ABSTRACT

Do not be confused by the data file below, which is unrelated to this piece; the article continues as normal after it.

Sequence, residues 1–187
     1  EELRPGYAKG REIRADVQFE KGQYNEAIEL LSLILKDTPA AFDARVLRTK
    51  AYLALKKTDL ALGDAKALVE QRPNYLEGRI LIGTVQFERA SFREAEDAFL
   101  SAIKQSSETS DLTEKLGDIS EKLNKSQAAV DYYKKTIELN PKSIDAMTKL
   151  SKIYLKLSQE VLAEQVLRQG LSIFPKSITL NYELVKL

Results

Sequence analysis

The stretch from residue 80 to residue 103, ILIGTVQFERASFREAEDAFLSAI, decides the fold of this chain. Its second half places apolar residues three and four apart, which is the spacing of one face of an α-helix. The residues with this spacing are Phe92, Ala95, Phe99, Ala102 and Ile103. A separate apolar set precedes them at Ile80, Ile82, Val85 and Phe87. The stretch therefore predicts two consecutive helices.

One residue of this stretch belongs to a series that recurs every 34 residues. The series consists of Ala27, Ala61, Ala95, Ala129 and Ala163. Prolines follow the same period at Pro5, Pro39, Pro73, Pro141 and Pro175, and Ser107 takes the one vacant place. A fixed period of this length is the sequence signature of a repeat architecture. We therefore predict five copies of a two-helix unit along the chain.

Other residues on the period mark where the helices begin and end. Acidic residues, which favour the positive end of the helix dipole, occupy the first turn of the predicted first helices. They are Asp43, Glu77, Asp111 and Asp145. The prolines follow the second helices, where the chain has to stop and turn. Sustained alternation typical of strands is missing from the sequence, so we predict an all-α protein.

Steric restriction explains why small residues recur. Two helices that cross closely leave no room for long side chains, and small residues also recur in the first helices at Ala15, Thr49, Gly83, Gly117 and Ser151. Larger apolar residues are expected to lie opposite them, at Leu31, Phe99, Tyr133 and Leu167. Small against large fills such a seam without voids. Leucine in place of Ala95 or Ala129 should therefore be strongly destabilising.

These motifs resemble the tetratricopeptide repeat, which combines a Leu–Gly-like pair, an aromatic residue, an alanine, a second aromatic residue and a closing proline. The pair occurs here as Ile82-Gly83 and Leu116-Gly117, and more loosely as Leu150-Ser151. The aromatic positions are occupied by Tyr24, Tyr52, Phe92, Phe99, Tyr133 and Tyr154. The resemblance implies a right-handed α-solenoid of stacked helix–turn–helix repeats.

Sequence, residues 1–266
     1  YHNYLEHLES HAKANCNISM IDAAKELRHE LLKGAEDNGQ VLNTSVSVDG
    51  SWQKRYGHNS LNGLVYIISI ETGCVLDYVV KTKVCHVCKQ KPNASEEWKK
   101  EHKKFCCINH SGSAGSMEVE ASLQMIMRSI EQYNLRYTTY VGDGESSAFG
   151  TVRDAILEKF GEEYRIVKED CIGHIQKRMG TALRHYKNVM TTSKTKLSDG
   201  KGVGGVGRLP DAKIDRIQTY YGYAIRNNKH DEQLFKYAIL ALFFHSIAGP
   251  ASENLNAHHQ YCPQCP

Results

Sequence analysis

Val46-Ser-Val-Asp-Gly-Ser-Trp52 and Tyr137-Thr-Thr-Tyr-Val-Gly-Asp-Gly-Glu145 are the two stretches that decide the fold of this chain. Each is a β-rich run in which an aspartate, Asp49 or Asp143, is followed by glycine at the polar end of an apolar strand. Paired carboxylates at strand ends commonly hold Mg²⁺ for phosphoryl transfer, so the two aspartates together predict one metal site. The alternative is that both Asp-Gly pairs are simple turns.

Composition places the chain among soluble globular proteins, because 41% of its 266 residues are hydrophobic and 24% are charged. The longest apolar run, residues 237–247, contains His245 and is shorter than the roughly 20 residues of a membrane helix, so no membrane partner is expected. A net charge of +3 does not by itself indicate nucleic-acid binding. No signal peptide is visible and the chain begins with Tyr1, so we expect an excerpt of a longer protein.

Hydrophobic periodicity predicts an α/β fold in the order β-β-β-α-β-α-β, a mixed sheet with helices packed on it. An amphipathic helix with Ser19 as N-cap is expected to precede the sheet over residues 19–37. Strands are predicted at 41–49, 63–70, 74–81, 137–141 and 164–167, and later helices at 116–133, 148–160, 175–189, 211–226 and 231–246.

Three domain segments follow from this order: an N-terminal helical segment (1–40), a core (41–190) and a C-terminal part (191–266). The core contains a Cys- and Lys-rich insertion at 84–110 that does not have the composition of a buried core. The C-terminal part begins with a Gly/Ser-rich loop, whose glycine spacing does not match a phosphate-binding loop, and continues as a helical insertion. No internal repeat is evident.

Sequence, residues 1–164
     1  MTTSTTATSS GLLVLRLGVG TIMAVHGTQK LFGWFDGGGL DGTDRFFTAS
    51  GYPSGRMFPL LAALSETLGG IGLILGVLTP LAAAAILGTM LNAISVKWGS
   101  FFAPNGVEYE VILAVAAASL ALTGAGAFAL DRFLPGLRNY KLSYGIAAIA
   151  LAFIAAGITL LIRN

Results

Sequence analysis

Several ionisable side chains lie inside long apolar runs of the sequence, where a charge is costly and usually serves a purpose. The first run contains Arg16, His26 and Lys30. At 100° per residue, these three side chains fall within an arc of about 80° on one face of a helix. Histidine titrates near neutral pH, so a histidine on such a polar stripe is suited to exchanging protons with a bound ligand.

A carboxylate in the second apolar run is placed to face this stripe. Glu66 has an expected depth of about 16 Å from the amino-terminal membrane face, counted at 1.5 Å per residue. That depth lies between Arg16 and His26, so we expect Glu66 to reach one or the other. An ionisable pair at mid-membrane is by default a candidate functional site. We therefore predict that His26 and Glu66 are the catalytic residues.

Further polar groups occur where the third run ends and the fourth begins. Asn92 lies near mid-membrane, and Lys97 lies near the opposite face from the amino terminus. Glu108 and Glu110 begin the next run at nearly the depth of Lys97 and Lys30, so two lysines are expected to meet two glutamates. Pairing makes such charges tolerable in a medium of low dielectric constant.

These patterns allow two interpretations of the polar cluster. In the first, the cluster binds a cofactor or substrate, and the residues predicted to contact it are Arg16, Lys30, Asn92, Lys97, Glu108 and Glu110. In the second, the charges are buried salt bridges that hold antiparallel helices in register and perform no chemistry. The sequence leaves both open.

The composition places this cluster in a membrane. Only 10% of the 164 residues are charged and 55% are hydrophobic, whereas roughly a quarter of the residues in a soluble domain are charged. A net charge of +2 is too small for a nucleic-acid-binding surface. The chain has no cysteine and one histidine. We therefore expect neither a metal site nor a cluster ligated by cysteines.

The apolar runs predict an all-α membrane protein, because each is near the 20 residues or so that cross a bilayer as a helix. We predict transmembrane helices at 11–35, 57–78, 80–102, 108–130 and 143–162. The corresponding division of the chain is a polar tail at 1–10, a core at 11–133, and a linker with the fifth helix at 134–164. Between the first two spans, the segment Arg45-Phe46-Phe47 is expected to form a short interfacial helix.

Father Jean-Baptiste Labat, a plump Dominican priest, sailed from France to the island of Martinique at the end of the seventeenth century. Once in the Caribbean, he investigated the soil, local plants, and foods, eventually establishing a sugar works that relied on slave labor. By the time he returned to Europe more than a dozen years later, Labat had traveled to many of the Dutch, French, Spanish, and English islands of the Antilles, sampling the foods of each place. He gathered his information in an eight-volume series on the Americas. His works were translated into many European languages and became something of the equivalent to a runaway best seller. Caribbean culinary tourism was born.